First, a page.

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Question of the Day
LOS ANGELES (AP) - Ryan Reynolds is the latest superhero to rule the weekend box office.
Reynolds‘ “Green Lantern” debuted at No. 1 with $52.7 million domestically, a fair but unremarkable opening stacked up against other comic-book adaptations. The movie added $17 million in a handful of overseas markets where it has opened, including Great Britain and Russia.
Released by Warner Bros., “Green Lantern” brought up the rear among superhero movies to open so far this summer, behind the $65.7 million debut of “Thor” and the $55.1 million launch of “X-Men: First Class.”
The previous weekend’s top flick, Paramount Pictures’ sci-fi adventure “Super 8,” slipped to No. 2 with $21.3 million. Its domestic total rose to $72.8 million.
Jim Carrey’s family comedy “Mr. Popper’s Penguins” had a frosty start as the 20th Century Fox release came in at No. 3 with $18.2 million.
Overall business cooled for the second-straight weekend. Hollywood revenues totaled $149 million, down a steep 25 percent from the same weekend last year, when Disney’s Pixar Animation blockbuster “Toy Story 3” debuted with $110.3 million, according to box-office tracker Hollywood.com.
Receipts this summer season still are ahead of last year’s, with revenue climbing to $1.56 billion since the first weekend in May, up 7 percent from 2010’s pace.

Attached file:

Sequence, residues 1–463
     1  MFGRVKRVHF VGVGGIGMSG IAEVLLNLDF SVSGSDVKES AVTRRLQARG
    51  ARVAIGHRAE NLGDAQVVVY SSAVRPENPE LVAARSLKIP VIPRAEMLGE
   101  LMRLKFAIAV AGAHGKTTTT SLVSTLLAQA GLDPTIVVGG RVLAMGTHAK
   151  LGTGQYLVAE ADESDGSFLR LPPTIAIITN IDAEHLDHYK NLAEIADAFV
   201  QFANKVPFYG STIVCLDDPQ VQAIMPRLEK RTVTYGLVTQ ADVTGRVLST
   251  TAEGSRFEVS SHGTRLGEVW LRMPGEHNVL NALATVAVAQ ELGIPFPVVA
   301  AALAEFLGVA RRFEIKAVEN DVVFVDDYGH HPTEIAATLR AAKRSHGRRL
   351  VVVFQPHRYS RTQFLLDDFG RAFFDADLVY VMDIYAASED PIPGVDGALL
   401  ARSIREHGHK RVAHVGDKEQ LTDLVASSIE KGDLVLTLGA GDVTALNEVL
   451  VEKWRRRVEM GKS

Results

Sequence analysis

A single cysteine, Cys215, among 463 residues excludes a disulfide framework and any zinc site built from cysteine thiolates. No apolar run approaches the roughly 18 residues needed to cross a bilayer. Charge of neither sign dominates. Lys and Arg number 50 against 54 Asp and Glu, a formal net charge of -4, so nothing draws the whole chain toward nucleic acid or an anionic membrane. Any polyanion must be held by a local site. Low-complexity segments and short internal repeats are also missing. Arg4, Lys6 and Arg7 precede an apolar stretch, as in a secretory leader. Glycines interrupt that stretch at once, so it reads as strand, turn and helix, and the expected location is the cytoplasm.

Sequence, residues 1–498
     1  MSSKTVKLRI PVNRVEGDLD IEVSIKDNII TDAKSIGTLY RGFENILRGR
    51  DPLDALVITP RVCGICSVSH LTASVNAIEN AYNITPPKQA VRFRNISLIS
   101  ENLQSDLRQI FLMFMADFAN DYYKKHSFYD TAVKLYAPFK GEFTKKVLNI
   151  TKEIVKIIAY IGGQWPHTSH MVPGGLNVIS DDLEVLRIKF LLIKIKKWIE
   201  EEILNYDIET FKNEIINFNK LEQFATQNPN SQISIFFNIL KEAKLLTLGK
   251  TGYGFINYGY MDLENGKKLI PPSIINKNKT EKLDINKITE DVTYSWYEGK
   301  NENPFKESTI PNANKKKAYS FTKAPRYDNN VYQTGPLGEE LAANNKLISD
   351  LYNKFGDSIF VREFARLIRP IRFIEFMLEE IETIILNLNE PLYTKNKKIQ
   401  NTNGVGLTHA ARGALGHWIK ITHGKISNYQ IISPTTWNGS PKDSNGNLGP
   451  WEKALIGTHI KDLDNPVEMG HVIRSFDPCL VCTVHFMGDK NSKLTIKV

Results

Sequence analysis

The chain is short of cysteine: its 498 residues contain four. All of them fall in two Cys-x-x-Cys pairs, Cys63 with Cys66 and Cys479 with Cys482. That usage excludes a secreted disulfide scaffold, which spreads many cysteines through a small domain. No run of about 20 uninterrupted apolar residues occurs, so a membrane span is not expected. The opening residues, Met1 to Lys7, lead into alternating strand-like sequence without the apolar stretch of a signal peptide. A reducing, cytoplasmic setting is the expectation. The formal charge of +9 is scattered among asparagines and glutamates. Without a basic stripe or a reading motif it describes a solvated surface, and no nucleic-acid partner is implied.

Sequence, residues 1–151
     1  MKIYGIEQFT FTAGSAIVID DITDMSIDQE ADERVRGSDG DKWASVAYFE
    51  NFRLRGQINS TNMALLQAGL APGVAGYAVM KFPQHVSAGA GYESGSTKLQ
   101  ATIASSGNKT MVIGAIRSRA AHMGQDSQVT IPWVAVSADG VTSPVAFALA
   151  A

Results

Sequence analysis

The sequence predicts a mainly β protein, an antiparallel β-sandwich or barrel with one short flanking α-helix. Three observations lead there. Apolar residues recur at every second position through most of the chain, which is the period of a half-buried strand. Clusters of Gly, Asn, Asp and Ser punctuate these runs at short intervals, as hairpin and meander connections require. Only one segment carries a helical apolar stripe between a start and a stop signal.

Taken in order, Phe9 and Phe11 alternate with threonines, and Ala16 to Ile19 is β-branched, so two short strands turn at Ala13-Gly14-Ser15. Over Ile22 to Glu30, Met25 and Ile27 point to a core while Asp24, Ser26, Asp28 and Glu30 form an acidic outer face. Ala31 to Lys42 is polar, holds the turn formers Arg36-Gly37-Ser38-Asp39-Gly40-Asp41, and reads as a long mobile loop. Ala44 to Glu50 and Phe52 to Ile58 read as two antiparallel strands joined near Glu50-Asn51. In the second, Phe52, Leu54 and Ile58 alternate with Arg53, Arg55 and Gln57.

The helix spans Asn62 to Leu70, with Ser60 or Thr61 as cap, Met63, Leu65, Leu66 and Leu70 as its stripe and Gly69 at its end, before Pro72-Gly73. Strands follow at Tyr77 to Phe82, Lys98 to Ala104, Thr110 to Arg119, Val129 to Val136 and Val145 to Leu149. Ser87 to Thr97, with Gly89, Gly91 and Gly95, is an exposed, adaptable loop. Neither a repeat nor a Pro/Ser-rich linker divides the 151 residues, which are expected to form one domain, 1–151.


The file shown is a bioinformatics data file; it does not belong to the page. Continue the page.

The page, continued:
Another Pixar animated sequel, “Cars 2,” could steer Hollywood upward again this coming weekend.
“We’re fine. We’re still ahead of last summer, and Pixar is going to have a chance to get us back in the mix next weekend,” said Hollywood.com analyst Paul Dergarabedian.
Adapted from the DC Comics series, “Green Lantern” stars Reynolds as a cocky test pilot who gains superpowers after he becomes the first human recruit of a galactic police force.
The movie was trashed by critics, and after a solid $21.6 million haul on opening day Friday, “Green Lantern” trailed off sharply as revenues dropped 22 percent Saturday. That’s often a sign that a movie lacks staying power, since revenues for new releases typically rise on Saturday.
With school letting out for the summer, Warner Bros. executives hope the movie will draw teenagers in on the weekdays.
“The mid-weeks are going to tell the tale of the movie,” said Dan Fellman, head of distribution for Warner. If “Green Lantern” does good business come Monday, “then all bets are off and we’re back in the game.”
Likewise, 20th Century Fox is counting on good holdover business for “Mr. Popper’s Penguins,” a children’s book adaptation that stars Carrey as a neglectful dad who learns the value of family ties after he inherits half a dozen pesky penguins.
“It’s a heartwarming PG comedy that everybody can go see,” said Fox distribution executive Bert Livingston. “There’s humor for adults in there, and it’s got penguins. People love penguins.”
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